The casualty business, however, is “under stress”, Kramer added, from the effects of a five-year continuous soft market and interest rates at record lows. The Ariel Re chief executive does not expect to see the Island’s companies slacken their underwriting standards in the quest for market share.
“Bermuda has been very disciplined in that regard,” Kramer said. “You’ve seen many Bermuda companies step back from business and reduce volume. We have a great track record. We have been through soft markets before and we haven’t seen a major, high-profile Bermuda company fail. So we have a good reputation.
“Our acceptability and our market share have grown tremendously. When we started, Lloyd’s considered us to be the arch enemy—now Lloyd’s is our valuable partner. That’s a perfect example of the Island’s credibility. And, of course, the Bermuda Monetary Authority’s (BMA) credibility is also going up every day, because it is really putting resources into regulation.”
Facts and figures
The post-panel section of the conference focused largely on the changing accountancy landscape. Bermuda-based E&Y partner David Brown examined reporting under US Generally Accepted Accounting Principles (GAAP) and the requirements of the US financial regulator, the Securities and Exchange Commission. Philip Burrill, another E&Y Bermuda-based partner, then delivered a lecture entitled ‘The Changing Regulatory Landscape’.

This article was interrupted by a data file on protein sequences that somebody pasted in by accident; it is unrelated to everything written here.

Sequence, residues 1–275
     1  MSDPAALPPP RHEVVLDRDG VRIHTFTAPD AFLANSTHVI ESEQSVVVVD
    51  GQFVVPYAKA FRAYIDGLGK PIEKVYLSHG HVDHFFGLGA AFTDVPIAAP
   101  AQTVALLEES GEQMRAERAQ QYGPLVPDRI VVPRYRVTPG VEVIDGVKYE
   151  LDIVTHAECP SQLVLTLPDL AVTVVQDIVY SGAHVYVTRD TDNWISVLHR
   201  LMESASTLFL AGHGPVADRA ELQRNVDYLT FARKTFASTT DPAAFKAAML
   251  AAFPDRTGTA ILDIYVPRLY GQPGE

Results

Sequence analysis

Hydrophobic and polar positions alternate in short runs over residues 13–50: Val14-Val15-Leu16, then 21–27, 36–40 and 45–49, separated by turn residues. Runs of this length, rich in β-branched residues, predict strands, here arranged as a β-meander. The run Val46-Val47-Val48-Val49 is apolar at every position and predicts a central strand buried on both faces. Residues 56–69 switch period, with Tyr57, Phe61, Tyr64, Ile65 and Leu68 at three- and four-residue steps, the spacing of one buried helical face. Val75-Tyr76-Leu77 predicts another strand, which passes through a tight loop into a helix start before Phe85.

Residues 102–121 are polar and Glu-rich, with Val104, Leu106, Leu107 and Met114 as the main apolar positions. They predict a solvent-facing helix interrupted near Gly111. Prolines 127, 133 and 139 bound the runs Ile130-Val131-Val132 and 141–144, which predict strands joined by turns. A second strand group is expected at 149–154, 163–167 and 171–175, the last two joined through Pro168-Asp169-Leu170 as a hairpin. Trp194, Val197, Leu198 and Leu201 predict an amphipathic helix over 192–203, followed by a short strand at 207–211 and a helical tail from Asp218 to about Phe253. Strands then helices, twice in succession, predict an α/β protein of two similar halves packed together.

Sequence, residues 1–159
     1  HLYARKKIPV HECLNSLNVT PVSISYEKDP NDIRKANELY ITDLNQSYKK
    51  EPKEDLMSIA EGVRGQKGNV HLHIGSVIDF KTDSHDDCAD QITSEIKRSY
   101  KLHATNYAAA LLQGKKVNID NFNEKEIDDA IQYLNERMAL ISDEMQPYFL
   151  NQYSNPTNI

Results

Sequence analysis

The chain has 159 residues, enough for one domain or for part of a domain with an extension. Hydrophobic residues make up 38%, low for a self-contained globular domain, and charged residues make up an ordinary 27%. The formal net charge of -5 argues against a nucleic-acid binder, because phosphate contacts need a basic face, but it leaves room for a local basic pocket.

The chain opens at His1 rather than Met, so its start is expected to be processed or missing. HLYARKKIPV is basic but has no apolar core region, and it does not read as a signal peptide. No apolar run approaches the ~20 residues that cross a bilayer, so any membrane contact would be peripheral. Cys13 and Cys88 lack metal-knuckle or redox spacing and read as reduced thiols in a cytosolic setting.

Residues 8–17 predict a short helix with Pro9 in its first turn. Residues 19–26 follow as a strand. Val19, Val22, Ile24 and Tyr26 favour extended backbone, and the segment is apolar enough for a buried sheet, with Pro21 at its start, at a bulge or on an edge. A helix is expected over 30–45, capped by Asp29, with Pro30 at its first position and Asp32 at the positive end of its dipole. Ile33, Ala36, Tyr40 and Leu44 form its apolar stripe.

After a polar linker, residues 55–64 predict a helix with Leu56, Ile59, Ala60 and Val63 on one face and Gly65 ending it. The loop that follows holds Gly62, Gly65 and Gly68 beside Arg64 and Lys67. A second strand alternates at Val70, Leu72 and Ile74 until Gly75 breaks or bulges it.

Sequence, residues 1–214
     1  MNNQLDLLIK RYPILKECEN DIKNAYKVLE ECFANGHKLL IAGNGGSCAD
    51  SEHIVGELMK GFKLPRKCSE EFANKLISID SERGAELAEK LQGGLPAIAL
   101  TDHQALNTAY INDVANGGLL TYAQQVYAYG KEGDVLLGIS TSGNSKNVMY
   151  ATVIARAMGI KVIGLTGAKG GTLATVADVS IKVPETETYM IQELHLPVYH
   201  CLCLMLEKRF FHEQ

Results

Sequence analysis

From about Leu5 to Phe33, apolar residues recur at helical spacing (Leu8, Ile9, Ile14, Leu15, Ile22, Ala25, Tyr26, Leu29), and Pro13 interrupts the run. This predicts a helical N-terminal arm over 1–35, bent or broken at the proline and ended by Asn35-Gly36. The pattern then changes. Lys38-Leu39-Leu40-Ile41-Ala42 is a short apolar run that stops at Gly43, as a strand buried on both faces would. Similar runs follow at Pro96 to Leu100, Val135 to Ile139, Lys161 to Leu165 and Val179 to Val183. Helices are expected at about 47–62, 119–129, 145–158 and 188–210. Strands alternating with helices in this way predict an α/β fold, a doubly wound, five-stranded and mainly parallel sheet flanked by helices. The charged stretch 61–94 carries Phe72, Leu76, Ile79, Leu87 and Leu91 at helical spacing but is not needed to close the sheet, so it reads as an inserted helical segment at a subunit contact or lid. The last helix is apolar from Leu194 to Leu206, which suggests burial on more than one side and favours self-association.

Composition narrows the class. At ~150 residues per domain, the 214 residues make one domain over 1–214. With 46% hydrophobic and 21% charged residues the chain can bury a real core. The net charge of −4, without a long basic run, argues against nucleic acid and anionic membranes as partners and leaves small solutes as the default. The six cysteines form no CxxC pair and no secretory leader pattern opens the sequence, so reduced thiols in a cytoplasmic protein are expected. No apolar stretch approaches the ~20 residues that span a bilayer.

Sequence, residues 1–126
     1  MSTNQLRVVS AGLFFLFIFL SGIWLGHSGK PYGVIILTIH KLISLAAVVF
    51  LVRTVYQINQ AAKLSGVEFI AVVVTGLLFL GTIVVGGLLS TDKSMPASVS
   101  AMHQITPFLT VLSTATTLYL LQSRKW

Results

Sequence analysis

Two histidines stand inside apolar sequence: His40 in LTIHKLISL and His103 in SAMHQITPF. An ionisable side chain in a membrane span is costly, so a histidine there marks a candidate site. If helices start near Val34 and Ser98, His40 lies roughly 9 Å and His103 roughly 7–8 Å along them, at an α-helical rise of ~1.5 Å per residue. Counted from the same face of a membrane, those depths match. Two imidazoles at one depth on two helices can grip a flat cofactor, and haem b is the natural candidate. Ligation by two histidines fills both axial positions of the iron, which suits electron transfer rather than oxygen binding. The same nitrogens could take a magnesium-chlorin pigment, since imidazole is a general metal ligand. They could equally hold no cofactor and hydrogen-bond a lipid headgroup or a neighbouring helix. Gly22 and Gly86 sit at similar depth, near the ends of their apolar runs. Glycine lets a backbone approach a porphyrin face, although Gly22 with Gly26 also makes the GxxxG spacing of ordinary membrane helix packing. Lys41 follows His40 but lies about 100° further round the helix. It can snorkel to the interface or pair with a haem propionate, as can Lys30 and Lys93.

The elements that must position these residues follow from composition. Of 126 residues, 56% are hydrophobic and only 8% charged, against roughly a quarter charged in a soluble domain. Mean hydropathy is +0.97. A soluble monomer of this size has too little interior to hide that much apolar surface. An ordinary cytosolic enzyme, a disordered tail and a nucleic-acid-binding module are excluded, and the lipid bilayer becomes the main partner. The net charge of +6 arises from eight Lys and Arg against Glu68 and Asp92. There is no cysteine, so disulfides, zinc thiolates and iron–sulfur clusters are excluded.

Jennifer Weiner, an E&Y partner based at the firm’s Boston office, gave the keynote address, which was an examination of the International Financial Reporting Standards (IFRS).
According to Jonathan Reiss, regulation should be a key area of focus for Bermudian companies—particularly with the European Union’s new Solvency II rules for insurers scheduled to take effect in 2012. Reiss, however, is not convinced that all companies understand the full scale of what they need to do to comply, despite the efforts of the BMA. The insurance regulator is working towards achieving the mutual recognition needed to ensure that Bermuda companies will not operate at any competitive disadvantage in the EU when the new rules come in.
“I think the main thing people need to focus on is all the change coming about as a result of Solvency II,” Reiss said. “The BMA is committed to achieving regulatory equivalence and the market is very supportive, and it’s critical that we achieve that to advance Bermuda as a jurisdiction. Despite the fact that the BMA made tremendous progress during the year, there is still a considerable amount of work to do. There are many companies that don’t appreciate how much work they have to do to keep pace with regulatory change, because the rate of change is accelerating.
“IFRS, in many ways, dovetails with Solvency II. It has the potential to create a lot of work and it’s a moving target. Some companies are much more prepared than others.”
Reiss is hopeful that the raising of the bar in capital and corporate governance requirements that Solvency II will bring will not hit the captive insurance companies that form the foundation of Bermuda’s insurance industry. “The BMA is doing everything it can to insulate the captive sector from these regulatory changes,” he said. “Most of the initiatives that are part of Solvency II don’t need to be applied to the captive industry. I think everyone’s hoping that outcome can be achieved.”